Eric Holder-backed group sues Wisconsin over early-voting limits

Two liberal groups on Monday asked a federal judge to overturn limits to early voting in Wisconsin that were signed into law last week by outgoing Gov. Scott Walker (R).

One Wisconsin Institute, with the support of the National Redistricting Foundation, a group headed by former Obama Attorney General Eric HolderEric Himpton HolderWhat should Democrats do next, after Mueller's report? GOP eager to exploit Dem court-packing fight Jeff Sessions returns to Justice Department to retrieve Cabinet chair MORE, filed the motion with U.S. District Judge James D. Peterson. Citizen Action of Wisconsin Education Fund is also involved in the lawsuit, according to the Milwaukee Journal Sentinel.

The changes approved by Walker would limit early voting in the state to two weeks before Election Day. Many heavily Democratic counties in the state have allowed early voting for longer than two weeks.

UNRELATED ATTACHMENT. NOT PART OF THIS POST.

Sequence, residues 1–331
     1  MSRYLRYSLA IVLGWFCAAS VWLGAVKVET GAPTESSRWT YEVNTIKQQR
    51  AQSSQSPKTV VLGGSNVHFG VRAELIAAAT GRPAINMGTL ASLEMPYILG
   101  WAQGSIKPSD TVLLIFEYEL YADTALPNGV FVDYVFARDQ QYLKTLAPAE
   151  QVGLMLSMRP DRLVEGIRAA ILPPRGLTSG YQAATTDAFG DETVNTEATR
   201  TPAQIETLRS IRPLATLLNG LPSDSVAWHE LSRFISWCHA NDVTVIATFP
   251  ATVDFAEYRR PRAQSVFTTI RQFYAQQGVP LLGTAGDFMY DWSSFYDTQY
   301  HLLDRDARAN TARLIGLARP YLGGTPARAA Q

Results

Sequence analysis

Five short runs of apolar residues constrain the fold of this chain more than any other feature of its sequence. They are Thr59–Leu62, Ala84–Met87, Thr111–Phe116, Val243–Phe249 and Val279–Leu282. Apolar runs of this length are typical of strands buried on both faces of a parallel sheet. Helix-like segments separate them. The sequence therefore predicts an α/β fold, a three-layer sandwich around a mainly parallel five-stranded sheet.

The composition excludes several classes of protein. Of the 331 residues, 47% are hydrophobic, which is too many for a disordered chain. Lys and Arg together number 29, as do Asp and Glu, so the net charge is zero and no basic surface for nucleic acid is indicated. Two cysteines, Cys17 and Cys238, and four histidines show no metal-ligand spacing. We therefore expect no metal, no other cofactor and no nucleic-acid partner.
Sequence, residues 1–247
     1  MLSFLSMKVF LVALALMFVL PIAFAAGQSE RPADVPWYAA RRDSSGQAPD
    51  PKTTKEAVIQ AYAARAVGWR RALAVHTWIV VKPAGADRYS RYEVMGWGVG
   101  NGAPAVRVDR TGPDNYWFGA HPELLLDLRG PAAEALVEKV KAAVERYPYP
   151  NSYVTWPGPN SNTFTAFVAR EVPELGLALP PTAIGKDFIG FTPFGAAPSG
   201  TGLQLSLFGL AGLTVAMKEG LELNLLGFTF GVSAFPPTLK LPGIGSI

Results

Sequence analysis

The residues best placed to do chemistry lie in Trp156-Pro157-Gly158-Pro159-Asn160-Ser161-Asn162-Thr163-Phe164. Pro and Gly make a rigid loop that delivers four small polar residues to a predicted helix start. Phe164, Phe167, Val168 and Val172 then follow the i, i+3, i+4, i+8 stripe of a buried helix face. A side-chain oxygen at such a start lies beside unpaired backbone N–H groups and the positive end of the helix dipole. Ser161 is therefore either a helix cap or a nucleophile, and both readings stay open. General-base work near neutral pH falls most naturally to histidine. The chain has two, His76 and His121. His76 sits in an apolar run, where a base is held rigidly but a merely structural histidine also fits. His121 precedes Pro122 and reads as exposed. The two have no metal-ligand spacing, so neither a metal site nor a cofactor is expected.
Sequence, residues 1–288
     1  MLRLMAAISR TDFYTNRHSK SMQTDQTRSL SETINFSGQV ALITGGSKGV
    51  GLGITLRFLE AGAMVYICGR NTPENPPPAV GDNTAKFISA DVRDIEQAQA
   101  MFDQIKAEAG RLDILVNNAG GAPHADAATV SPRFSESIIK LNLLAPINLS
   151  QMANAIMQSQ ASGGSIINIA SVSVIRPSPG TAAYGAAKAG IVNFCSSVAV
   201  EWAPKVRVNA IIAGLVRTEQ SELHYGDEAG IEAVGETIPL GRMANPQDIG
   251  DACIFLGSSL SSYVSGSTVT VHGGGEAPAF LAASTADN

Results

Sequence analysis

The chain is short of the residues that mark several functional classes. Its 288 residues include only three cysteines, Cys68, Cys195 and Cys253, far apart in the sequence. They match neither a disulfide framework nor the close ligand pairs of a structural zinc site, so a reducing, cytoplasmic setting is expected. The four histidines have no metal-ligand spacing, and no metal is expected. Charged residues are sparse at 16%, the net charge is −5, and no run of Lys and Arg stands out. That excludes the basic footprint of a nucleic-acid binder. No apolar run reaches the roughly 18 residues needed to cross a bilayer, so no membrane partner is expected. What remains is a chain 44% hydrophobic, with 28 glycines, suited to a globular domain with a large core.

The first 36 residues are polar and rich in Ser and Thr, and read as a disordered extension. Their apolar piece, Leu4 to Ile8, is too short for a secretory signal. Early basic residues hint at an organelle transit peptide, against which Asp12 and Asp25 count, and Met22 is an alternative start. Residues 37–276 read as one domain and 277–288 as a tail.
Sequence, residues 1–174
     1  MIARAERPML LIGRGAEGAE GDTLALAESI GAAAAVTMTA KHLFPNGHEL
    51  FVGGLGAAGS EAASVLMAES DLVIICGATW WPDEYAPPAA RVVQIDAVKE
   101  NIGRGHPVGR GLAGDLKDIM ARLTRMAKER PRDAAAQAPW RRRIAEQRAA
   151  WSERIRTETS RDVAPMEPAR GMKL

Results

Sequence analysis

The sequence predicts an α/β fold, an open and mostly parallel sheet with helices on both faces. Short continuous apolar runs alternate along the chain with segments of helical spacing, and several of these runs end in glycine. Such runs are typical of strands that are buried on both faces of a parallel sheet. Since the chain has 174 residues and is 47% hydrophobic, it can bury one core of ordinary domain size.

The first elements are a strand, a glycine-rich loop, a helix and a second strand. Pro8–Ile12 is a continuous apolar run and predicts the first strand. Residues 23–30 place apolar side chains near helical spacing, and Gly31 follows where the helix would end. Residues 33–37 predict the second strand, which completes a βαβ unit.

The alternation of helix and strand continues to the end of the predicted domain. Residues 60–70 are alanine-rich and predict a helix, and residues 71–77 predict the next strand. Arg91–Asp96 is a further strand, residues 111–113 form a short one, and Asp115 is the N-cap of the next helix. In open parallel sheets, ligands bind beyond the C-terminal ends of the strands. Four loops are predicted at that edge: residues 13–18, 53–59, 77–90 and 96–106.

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In a statement from the National Redistricting Foundation, Holder said Republicans are attempting "to suppress the votes of people of color in the state."

"Republicans in the Wisconsin legislature and their defeated governor are using their gerrymandered majorities to — once again — attempt to suppress the votes of people of color in the state,” he said. 

“Their blatant disregard for a previous court ruling and refusal to listen to the will of the people are another shameful mark on the legacy of Scott Walker and his allies in the legislature."

Scot Ross, the executive director of the One Wisconsin Institute, said in a statement that GOP "attempts to rig the rules on voting were unconstitutional in 2016 and they’re unconstitutional today."

"We are going back to federal court to ask the judge to enforce his previous ruling and actions to force the GOP to respect our right to vote," Ross added. 

Peterson, an Obama appointee, ruled similar early voting restrictions unconstitutional in 2016. 

Walker signed the new restrictions, which were included in a series of bills passed during the lame-duck legislative session by Republicans. Those bills were passed after Democrats won statewide offices in Wisconsin in the midterms, including the governor's race.

Critics say the bills are meant to weaken the incoming Democratic administration, but Republicans have defended their actions, saying that they are still in charge of the state until next month.